Male Mice Lose the Ability to Detect Female Pheromones after Chronic Exposure

Researchers have found a neuron in male mice that allows them to detect and respond to female pheromones. Oddly, this type of neuron disappears if males are constantly exposed to female scents. The findings are in a paper just published in the journal Neuron.

Male mice generally live alone, defending their territories from other males. The only other time they interact with other mice is when mating with females. This requires them to quickly notice female mice in the area. Male mice tend to get excited when exposed to female urine but scientists weren’t sure how they detected the pheromones.

Researchers from the Washington University School of Medicine in St. Louis examined neurons in the vomeronasal organs of mice. The vomeronasal organ, also called Jacobson’s organ, is located in the nose and is part of the olfactory system. Its function is to detect chemical signals, including pheromones. The research team discovered that the male mice had a unique type of neuron not found in females. This neuronal cell type could detect epitestosterone sulfate, a sex hormone by-product.

The team also found that if males were constantly exposed to pheromones in female urine, they lost the female-detecting neurons. This changed their behavior; mice without the special neuron type lost interest in female scents. If the males were once again isolated and not exposed to female smells, the neurons showed up again. This shows that environmental conditions are responsible; it’s not an innate sex-determined cell type. The researchers even removed the testes of the male mice and the ovaries of the females. The neurons still behaved the same way, suggesting that the cell type wasn’t directly related to hormones.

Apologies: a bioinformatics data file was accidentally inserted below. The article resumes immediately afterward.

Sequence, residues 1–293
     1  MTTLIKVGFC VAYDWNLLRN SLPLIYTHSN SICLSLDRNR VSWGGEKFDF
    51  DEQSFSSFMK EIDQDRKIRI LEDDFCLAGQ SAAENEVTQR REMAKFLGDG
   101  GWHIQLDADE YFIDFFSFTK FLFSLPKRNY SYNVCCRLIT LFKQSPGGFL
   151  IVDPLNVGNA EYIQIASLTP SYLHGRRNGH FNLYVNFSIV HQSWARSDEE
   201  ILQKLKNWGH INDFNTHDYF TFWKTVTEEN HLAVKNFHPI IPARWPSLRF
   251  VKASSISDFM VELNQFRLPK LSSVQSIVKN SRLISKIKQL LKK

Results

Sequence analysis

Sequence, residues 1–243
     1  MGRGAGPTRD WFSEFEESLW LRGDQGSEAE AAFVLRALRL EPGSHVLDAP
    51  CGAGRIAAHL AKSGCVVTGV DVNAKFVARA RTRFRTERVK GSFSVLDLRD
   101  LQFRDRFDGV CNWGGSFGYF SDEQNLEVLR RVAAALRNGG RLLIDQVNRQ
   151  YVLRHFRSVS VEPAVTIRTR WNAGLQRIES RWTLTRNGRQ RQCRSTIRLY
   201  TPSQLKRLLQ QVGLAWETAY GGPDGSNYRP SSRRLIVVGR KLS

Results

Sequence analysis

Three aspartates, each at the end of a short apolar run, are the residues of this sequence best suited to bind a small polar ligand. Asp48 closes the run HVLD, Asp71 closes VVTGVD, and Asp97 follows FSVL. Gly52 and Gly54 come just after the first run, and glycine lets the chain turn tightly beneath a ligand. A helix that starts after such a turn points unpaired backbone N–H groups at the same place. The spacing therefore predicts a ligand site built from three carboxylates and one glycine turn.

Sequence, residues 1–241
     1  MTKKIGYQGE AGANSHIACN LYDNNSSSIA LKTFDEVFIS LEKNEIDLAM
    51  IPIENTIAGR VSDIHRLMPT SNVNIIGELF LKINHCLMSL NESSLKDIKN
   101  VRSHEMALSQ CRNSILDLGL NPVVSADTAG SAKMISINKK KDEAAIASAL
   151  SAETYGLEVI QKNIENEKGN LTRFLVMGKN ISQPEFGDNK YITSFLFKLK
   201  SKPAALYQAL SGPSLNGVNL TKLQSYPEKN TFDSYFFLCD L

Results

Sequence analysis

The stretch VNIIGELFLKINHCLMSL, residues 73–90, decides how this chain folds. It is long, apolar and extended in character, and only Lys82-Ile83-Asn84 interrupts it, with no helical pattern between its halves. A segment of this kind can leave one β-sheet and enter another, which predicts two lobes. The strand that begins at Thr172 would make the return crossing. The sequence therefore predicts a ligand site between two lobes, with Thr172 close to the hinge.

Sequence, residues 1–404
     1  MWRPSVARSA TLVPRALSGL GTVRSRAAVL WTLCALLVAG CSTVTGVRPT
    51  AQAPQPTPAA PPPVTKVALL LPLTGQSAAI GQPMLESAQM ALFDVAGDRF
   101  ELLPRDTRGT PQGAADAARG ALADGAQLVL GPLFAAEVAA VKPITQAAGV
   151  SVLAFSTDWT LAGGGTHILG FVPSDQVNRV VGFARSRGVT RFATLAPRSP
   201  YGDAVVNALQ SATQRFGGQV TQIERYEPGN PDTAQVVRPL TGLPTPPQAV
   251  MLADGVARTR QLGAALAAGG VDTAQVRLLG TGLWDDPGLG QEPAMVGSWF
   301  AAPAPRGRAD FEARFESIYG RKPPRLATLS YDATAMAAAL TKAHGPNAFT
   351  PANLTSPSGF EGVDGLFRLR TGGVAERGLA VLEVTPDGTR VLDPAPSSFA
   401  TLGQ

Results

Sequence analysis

These findings show that environmental factors are responsible for some sex differences in mice. Males have a special type of neuron for sensing female pheromones but the cells disappear after chronic exposure to female urine. The mice can regain the neurons once isolated from female scents. The authors speculate that this makes the mice more adaptable. If they’re constantly in contact with female pheromones, the neurons can shut down rather than overwhelm them with signals.


Xu, Pei Sabrina et al. Experience-Dependent Plasticity Drives Individual Differences in Pheromone-Sensing Neurons. Neuron (2016).

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